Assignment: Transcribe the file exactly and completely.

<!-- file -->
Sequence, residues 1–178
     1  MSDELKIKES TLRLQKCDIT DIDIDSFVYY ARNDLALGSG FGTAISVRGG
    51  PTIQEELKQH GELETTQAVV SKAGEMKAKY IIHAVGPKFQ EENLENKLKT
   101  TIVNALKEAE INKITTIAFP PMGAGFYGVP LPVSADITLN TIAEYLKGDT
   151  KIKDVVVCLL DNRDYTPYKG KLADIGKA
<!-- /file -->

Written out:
Sequence, residues 1–178
     1  MSDELKIKES TLRLQKCDIT DIDIDSFVYY ARNDLALGSG FGTAISVRGG
    51  PTIQEELKQH GELETTQAVV SKAGEMKAKY IIHAVGPKFQ EENLENKLKT
   101  TIVNALKEAE INKITTIAFP PMGAGFYGVP LPVSADITLN TIAEYLKGDT
   151  KIKDVVVCLL DNRDYTPYKG KLADIGKA